I call our design style “lux-scaping”: it integrates materials that would normally be seen inside but still has a visual connection to nature. So plants are vital. They are still the best thing to counter prevailing winds. Also, I will incorporate planters of various sizes into a kitchen benchtop so you can have a herb garden at your fingertips or even plant a miniature tree in it. Planting is, in some ways, the easy part. It is what you decorate with.
Where do you start when designing an outdoor room?
With spatial awareness: the architecture has to invite people into the space. You never want to lose a sense of intimacy. That is why I like to create L-shapes with a variety of seating arrangements within the garden. I call them “people pockets”. It’s a configuration that encourages people to sit down and start a conversation rather than being posted in one spot at a long rectangular table.
You have said that the furniture design side of your business is your greatest passion.
Yes. I’m a qualified horticulturist but I only spend around 10 per cent of my time on that now. With garden design, you get to touch only one family’s life, whereas furniture gives me the opportunity to connect with so many more — it’s more gratifying in that way. Also I’m something of a perfectionist, and with furniture it doesn’t matter if the hedges are not watered or clipped properly.
All our furniture is transterior — it can be used indoors or out; we custom-create the materials to suit the environment. Furniture has direct contact with the human form, so we make pieces that cradle the body. For example, Tubular dining chairs, which I designed for Italian company Riva 1920, have a back that is like a continuation of the human spine. They lend support but also flex for comfort. I love to explore new ways with materials. Marine-grade stainless steel is of a quality that works outdoors but I find its aesthetic a bit cold, so I’ll put a champagne gold finish on it and combine it with a wooden element. Our camp cots are upholstered with Sunbrella fabric, but it’s quilted for extra luxury. Also, since table tops are in direct contact with the human body, I prefer temperate finishes that aren’t cold to the touch.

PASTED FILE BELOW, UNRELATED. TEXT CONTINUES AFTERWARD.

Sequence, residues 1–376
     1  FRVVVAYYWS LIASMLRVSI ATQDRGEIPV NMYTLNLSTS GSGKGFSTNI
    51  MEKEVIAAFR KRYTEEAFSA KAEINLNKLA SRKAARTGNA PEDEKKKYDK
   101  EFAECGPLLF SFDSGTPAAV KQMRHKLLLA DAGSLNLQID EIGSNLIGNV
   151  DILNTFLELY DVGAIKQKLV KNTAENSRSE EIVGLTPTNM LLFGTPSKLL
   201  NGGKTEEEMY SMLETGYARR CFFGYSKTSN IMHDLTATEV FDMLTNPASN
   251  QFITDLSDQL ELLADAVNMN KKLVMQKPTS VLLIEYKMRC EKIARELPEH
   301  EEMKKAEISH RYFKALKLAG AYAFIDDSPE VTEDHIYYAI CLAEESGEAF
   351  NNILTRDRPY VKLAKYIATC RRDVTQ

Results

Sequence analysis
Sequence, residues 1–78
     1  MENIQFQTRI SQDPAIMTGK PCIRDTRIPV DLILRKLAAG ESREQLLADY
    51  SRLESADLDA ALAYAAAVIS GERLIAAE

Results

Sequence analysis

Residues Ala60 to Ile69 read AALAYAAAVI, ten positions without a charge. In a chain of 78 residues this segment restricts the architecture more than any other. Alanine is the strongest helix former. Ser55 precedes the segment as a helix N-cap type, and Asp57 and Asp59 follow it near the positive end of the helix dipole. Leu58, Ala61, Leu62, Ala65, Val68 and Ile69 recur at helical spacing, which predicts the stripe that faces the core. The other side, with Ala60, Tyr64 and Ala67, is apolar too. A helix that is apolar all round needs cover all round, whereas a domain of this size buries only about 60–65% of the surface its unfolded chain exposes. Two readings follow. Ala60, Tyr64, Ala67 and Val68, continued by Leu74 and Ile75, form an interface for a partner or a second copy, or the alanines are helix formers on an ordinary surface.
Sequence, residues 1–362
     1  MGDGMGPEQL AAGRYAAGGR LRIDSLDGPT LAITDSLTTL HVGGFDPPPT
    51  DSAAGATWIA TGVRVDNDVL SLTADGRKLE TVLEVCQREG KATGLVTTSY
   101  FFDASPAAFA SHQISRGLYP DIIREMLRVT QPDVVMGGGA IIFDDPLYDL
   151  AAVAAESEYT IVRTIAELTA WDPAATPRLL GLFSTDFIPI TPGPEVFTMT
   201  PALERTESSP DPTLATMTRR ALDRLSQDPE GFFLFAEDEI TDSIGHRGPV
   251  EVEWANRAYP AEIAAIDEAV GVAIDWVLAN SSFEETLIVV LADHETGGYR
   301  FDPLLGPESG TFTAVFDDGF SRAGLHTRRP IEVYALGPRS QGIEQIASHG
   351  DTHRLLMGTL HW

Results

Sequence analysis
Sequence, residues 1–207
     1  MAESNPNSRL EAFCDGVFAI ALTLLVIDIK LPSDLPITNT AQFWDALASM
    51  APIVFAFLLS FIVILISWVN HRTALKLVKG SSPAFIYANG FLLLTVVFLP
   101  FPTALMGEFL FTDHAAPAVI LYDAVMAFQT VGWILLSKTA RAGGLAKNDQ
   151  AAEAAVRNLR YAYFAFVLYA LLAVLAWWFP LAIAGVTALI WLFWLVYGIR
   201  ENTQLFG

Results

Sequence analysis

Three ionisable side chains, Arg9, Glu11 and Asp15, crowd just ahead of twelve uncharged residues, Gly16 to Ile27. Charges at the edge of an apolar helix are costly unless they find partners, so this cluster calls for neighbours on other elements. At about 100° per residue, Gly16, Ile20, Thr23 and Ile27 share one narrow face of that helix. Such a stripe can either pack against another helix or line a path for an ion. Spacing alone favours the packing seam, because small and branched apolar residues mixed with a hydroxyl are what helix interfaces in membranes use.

Tell us about the outdoor kitchen in your home in Los Angeles.
I have UV-resistant composite stone benchtops, drop-in sinks and wooden chopping boards built into the bench. Apart from the wok burner, grills and cooking plates, there’s an open fireplace with a 42-inch paella dish that I love cooking in. It’s great for a lot of people and a dish that you can keep adding to as you go along. It’s my version of surf and turf, finished off with lots of fresh coriander plucked straight from the garden. The garden has a series of terraces I have planted with herbs and vegetables. There are many places to gather, including the bar by the cook zone, so I can talk to friends while I’m making dinner, and a fire pit. The covered dining pavilion is open on three sides and has a rooftop deck. It’s heated by an Escea gas fire. Even in LA, it gets pretty chilly at night.
What are your impressions of New Zealand landscape design?
I think it is one of the most progressive countries in the world. I’ve had many Kiwi staff in my Sydney and LA offices. Also, you’ve given us one of my favourite plants. I love the puka. To me, it’s like a cool-climate fiddle leaf fig: glossy leaves, a robust, masculine trunk and a really sculptural habit.